3 Free Apps That Will Help You Ace Your Finals

The school year is coming to an end which only means one thing: final exams. This one test can bring you up or down an entire letter grade which means the pressure is on. Here are three web based apps that are crucial to helping you stay focused while studying for finals!

The school year is coming to an end which only means one thing: final exams. When a single test has the ability to bring you up or down an entire letter grade, the pressure is on. If you’re anything like the average American college student, you’ve waited until the last week or two of the quarter or semester to start cramming. Trying to study while feeling crunched for time is hard enough, let alone trying to study in the midst of all of the distractions we’re exposed to in this digital day in age. Even if you’re in the library or manage to escape to your favorite quiet place to get some real work done, you likely brought along your laptop which means you’ll be tempted to waste time that should be spent studying on browsing through your favorite websites and social media outlets. Luckily, there’s an app for everything nowaday and that includes apps that well.. help you manage the amount of time you spend on apps! Here are three web based applications that are crucial to helping you stay focused while studying for finals!

1. SelfControl

One of my favorite apps is Self Control. This specific application is only available for Macs but because it is an open source code, other developers have taken it and made similar applications available to Windows and Linux users (these guys are so great they even added links to those other apps on their website). It is extremely easy to download and is safe for your computer. You simply click “Download SelfControl,” agree to their terms and you’re on your way to hours of distraction-free studying.  So how does it work? Well with SelfControl, you are blocking your own access to the sites that distract you. You set a period of time you want to focus, add the sites that distract you to the “blacklist,” and click “start.” Then, whether you like it or not, you’re distraction free until your set time expires. If you’re anything like me, you’ll try to get out of your commitment early but it won’t take long for you to realize you’re out of luck. Thanks to the smart guys who developed SelfControl, you’re blocked from those blacklisted sites even if you try to restart your computer or delete the application. So before setting that timer, make sure you’re committed to staying focused because once you start there’s no going back.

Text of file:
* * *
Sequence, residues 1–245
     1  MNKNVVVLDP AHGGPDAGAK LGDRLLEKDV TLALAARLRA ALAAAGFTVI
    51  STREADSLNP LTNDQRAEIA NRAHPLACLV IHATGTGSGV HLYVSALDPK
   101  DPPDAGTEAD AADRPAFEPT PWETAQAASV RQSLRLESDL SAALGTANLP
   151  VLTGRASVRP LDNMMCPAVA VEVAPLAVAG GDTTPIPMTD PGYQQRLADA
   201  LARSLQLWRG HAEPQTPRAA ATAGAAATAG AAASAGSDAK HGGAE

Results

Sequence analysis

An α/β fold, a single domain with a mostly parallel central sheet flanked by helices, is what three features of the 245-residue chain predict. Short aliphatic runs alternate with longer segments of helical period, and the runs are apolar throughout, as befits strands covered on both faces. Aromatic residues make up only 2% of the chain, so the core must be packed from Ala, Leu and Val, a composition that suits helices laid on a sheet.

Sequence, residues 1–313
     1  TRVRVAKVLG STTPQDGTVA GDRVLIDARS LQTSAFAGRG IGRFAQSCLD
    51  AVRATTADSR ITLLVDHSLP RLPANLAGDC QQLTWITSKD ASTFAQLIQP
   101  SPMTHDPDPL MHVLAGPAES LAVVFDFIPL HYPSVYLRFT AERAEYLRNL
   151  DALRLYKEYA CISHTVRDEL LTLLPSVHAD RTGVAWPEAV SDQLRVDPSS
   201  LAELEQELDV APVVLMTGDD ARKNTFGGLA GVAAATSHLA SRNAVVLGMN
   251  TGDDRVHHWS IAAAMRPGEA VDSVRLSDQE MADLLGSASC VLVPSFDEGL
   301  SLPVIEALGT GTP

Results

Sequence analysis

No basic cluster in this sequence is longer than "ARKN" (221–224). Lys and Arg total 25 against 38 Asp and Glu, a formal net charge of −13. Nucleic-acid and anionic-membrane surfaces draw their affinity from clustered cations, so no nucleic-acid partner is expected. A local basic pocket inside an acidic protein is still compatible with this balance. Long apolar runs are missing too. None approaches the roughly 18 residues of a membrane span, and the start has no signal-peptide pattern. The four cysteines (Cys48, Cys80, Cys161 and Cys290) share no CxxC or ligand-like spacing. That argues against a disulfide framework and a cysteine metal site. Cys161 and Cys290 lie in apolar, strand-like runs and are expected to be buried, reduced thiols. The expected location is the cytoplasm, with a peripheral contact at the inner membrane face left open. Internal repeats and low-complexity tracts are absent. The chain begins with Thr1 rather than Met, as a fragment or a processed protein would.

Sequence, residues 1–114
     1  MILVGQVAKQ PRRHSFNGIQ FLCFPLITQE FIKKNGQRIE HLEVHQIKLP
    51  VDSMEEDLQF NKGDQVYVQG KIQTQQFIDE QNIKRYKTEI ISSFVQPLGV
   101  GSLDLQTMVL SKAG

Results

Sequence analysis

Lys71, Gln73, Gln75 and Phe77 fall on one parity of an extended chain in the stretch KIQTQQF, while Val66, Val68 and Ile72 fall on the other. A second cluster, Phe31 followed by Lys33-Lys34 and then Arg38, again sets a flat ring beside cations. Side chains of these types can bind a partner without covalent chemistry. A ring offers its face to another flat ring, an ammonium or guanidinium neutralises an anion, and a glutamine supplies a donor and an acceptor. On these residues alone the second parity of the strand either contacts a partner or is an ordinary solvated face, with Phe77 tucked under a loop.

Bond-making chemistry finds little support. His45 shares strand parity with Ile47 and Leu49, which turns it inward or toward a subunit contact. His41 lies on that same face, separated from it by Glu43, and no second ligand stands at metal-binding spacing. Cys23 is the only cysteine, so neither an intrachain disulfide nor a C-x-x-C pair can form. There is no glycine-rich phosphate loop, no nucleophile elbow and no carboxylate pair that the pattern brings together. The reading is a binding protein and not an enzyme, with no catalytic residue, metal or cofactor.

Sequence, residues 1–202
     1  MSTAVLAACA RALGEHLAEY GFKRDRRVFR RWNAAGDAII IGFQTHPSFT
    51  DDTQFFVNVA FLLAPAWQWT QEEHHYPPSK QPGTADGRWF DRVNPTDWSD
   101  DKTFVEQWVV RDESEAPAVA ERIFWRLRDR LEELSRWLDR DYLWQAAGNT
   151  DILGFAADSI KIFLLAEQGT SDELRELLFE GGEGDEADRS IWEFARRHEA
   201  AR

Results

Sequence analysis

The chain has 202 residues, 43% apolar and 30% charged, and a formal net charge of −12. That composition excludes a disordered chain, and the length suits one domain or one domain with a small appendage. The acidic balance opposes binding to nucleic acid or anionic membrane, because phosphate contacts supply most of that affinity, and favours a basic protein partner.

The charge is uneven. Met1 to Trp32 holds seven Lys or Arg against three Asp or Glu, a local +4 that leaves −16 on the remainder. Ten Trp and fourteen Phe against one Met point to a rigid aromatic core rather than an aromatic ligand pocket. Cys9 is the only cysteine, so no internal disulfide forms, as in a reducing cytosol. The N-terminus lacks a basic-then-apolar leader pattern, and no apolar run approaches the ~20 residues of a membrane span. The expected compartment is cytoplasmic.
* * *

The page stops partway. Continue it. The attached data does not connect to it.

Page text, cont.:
2. KeepMeOut

The great thing about KeepMeOut is that it works in any browser and it doesn’t require you to download anything. Instead, you create customized bookmarks through their site in place of the standard links you would normally type into your browser. Sounds confusing right? Well it’s actually really straightforward. You are only asked to provide two pieces of information: first, what site you want to monitor your time spent on and second, how long you want to allow yourself to be on said website. KeepMeOut does the rest. For example, you could indicate that you want to limit your activity on Facebook to 30 minutes. You press “submit” and they produce a personalized link to Facebook that expires after your allotted goofing off time is up. This option is great for those of you who know you’ll want to peek at distracting sites in the middle of a study sesh because it doesn’t force you to stay away from them, it just sets limits.

3. Tomato Timer

Tomato Timer is a great option because there is actually a madness (or science) behind it’s methods. This web-based app uses the Pomodoro Technique to help you get things done. What’s that? Well the Pomodoro Technique is a time management method that was developed in the 80’s that uses a timer to break work into intervals of 25 minute lengths separated by short breaks. The method is based on the idea that frequent breaks can improve mental agility. So, unlike the other mentioned apps, Tomato Timer doesn’t actually block you from any distractions but it does help you stay on top of how you’re using your time. There are three timer options: pomodoro (25 minutes), short break (5 minutes), and long break (10 minutes). Use of this app requires some real self control but if you’re able to hold yourself accountable, it’s a great option that can help you focus while also allowing for those much needed breaks in between study sessions.

Profile photo of Julianne Smith
Junior business student at Washington State University. Go Cougs!

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